The trend in life expectancy at birth has been one of improvement since national estimates were first published with 1900 data (2). However, life expectancy remained constant for years 2012–2014 and declined for non-Hispanic white females by 0.1 years between 2013 and 2014. Between 2013 and 2014, non-Hispanic black males and Hispanic females experienced the greatest increase in life expectancy at birth (0.2 years), followed by Hispanic males (0.1 years). Life expectancy at birth remained unchanged for non-Hispanic white males (76.5 years) and non-Hispanic black females (78.1 years). Life expectancy at age 65 increased for both males and females of the three population groups.

 

Definition

Life expectancy: Represents the average number of years that a hypothetical group of infants would live at each attained age if the group was subject, throughout its lifetime, to the age-specific death rates prevailing for the actual population in a given year (1).

 

Data source and methods

All data are from the 2013 and 2014 mortality files from the National Vital Statistics System. The life table estimates were adjusted for race and Hispanic origin misclassification on U.S. death certificates. Life table methodology is explained in “United States Life Tables, 2011” (1).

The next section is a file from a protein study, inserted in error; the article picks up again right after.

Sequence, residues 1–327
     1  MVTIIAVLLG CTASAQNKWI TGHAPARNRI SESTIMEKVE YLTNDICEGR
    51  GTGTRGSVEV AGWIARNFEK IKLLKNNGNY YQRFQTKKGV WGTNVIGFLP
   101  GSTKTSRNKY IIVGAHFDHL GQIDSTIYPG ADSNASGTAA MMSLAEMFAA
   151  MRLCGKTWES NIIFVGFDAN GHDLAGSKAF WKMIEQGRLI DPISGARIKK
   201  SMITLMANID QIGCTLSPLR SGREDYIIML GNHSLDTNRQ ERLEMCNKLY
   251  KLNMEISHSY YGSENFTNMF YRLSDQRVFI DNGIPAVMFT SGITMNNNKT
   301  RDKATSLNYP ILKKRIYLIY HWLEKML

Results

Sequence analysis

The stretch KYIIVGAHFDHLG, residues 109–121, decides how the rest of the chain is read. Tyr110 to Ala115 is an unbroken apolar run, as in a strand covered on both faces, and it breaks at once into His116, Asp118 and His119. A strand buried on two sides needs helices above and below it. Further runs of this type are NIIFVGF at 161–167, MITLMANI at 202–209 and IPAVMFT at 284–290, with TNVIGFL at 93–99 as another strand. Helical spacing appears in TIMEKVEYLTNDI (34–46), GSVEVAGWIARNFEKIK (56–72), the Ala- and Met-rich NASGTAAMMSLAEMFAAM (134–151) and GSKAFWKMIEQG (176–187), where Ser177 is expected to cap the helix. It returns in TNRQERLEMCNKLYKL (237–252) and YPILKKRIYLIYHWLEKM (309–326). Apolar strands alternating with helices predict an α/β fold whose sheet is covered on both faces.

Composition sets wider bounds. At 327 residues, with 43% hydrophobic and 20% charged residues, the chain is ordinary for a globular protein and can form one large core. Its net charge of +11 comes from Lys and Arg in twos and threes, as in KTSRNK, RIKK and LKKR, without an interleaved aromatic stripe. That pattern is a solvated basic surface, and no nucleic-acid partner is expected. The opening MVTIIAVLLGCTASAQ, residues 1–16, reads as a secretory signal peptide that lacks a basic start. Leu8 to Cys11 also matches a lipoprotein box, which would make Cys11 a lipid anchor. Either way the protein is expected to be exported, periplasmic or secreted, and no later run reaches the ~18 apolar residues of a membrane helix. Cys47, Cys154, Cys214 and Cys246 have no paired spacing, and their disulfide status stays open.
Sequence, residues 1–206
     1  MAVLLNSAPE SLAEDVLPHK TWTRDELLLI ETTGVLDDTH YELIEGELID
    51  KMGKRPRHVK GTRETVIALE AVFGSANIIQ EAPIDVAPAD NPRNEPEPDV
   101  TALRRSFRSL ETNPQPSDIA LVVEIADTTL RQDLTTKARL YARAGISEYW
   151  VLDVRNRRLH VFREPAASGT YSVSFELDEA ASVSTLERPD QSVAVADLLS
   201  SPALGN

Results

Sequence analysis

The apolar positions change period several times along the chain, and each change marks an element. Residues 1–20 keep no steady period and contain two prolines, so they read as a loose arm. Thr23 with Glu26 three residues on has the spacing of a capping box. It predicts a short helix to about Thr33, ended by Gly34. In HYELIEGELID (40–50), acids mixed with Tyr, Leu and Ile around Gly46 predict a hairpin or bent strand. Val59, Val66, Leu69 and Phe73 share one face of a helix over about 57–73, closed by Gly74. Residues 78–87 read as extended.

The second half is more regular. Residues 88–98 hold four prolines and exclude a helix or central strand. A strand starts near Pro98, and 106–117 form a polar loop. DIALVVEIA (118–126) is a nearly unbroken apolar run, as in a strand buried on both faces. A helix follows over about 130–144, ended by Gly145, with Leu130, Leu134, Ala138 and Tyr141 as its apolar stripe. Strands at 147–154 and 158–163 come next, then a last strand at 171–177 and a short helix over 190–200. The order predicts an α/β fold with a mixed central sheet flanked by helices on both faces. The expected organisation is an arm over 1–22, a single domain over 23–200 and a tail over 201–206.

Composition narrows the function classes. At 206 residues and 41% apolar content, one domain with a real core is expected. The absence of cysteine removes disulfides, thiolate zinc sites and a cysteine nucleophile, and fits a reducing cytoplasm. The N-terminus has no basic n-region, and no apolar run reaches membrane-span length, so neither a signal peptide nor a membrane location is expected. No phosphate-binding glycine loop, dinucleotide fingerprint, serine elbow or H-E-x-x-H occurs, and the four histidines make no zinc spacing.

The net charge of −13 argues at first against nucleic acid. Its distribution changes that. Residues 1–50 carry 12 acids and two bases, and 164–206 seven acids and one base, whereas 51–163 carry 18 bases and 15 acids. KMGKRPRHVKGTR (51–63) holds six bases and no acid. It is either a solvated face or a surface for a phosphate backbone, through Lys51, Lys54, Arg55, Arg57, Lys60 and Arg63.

About the author

Elizabeth Arias is with CDC’s National Center for Health Statistics, Division of Vital Statistics.

 

References

  1. Arias E. United States life tables, 2011. National vital statistics reports; vol 64 no 11. Hyattsville, MD: National Center for Health Statistics. 2015.
  2. Xu JQ, Murphy SL, Kochanek KD, Bastian BA. Deaths: Final data for 2013. National vital statistics reports; vol 64 no 2. Hyattsville, MD: National Center for Health Statistics. 2016.

 

Suggested citation

Arias E. Changes in life expectancy by race and Hispanic origin in the United States, 2013–2014. NCHS data brief, no 244. Hyattsville, MD: National Center for Health Statistics. 2016.

Copyright information

All material appearing in this report is in the public domain and may be reproduced or copied without permission; citation as to source, however, is appreciated.

National Center for Health Statistics

Charles J. Rothwell, M.S., M.B.A., Director
Nathaniel Schenker, Ph.D., Deputy Director
Jennifer H. Madans, Ph.D., Associate Director for Science

Division of Vital Statistics

Delton Atkinson, M.P.H., M.P.H., P.M.P., Director
Hanyu Ni, Ph.D., M.P.H., Associate Director for Science

  • Page last reviewed: April 20, 2016
  • Page last updated: April 20, 2016